thumb-2024-05-05-far-right-safer-supply This article is more than 2 months old

The Far-Right’s Newest Scapegoat: ‘Drug Users and Unhoused People’

Experts say BC’s far-right is shifting focus from COVID-19, vaccines and 2SLGBTQ+ issues to safer supply drug policies

Drug policy experts and activists in Vancouver are responding to what they call a rise in far-right protesters in British Columbia who are shifting focus to the province’s safer supply drug policy.

BC’s far-right groups, who have previously been vocal against COVID-19 public health measures, SOGI-123 and 2SLGBTQ+ rights, have now taken to protesting safer supply and people who use drugs.

Far-right anti-safer supply protesters have recently been spotted taking to overpasses around the Lower Mainland, including one over the highway in North Vancouver, displaying signs accusing the BC government of giving drugs to children.

Stephanie Wilson, a North Vancouver activist and researcher, says far-right groups have been “planting seeds” since before the pandemic, inciting fear around COVID vaccines, the 2SLGBTQ+ community and now, crime and homelessness.

“In the October 2022 municipal elections in BC there was a very hard right-wing shift at that time,” Wilson told PressProgress. “There were freedom convoy associated groups that were running candidates / coaching candidates, they really wanted a right-wing sweep through BC which fortunately didn’t happen – but it really planted a lot of seeds that we’re seeing today.”

“It’s just a roller coaster of things, there’s a mass of causes that kind of percolate through the far right and then things kind of spike and ebb as interest rises and falls as news stories draw their attention to different things.”

In North Vancouver, Wilson said this had impacts even at the local level when it came to a proposed supportive housing project for people with complex needs.

“It really became this lightning rod for unhinged right wing conspiracies,” Wilson said.

Photo credit: Stephanie Wilson

Vocal online opposition to safer supply includes a National Post columnist named Adam Zivo, and a controversial SFU professor who has ties to the recovery industry named Julian Somers.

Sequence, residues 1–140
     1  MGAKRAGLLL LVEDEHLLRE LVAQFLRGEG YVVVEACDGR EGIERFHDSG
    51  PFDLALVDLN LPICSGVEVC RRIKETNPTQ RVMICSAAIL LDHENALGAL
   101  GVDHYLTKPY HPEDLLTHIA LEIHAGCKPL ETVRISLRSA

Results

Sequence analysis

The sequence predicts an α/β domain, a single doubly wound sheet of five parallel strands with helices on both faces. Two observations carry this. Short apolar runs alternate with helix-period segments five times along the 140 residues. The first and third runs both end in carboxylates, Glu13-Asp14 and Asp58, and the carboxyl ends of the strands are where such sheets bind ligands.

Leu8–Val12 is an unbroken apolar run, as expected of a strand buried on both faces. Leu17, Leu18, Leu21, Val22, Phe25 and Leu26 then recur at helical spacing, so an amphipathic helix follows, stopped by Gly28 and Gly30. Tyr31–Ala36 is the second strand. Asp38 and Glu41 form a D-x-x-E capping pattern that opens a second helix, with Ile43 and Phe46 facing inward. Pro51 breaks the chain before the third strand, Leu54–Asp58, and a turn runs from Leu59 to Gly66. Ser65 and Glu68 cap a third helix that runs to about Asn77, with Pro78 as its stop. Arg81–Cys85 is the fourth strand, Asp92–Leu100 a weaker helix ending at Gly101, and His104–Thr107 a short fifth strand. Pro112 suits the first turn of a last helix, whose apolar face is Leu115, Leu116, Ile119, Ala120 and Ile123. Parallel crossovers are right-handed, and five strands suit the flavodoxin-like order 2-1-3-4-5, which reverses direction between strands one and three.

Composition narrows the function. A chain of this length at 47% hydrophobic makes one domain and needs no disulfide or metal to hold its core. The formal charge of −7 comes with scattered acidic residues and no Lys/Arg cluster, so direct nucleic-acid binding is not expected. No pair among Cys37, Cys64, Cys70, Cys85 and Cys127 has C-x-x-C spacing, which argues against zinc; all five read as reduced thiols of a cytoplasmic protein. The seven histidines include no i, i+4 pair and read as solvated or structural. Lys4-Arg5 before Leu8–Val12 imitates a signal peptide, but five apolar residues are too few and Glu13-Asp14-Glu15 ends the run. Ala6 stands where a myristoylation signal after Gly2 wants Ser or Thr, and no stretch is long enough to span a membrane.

“Like Vancouver is Dying, Canada is Dying, people were referencing Adam Zivo in public hearings. Julian Somers showed up to speak at one point to talk about how horrible harm reduction and housing first are. It was really the first moment that I saw this at a local level.”

Wilson said it was last fall when things ramped up and, after the local outcry, the overpass rallies suddenly switched to explicitly denouncing safer supply.

As of May 7, drug use is illegal in all public spaces in BC, including in hospitals, on transit and in parks, which drug policy advocates say effectively “guts decriminalization,” which was piloted in BC in January of 2023.

Drug policy advocate Karen Ward says that this policy pushes people who use drugs into dark corners, as a direct response to this right-wing moral panic around people who use drugs.

“The focus of this right wing moral panic switching from trans kids to drug users and unhoused people—the thing in common here is all about bodily autonomy and visibility. But when our legislators accede to that, it’s very, very troubling,” Ward told PressProgress.

Ward adds that while politicians occasionally come out and denounce the protests and violence inflicted on other communities, people who use drugs are rarely included in this public support.

“They will stand up against other moral panics but they simply cave when it comes to this one because of the bias that prohibition has set against drug users,” Ward added.

“It’s not spontaneous, it’s all very deliberate.”

Ward says the amendment to existing drug laws prove that while politicians and policy makers are acknowledging that people are using drugs, they simply want it out of the public eye, meaning more people could die.

“They’re saying, ‘you can do this as long as we can’t see you — as long as you’re housed,’” Ward said.

From 2021-2024, 47% of unregulated drug deaths in BC took place in a private residence.

British Columbia Coroner Services

In 2024 so far, 572 people have died due to the illicit and toxic drug supply.

“This is what politics have led us to,” Ward said. “The right is literally campaigning on corpses and then the left says, oh no, we hate them too—we’re going to use them as an example of us doing the right thing.”


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Rumneek Johal
Rumneek Johal is PressProgress' BC Reporter. Her reporting focuses on systemic inequality, workers and communities, as well as racism and far-right extremism.

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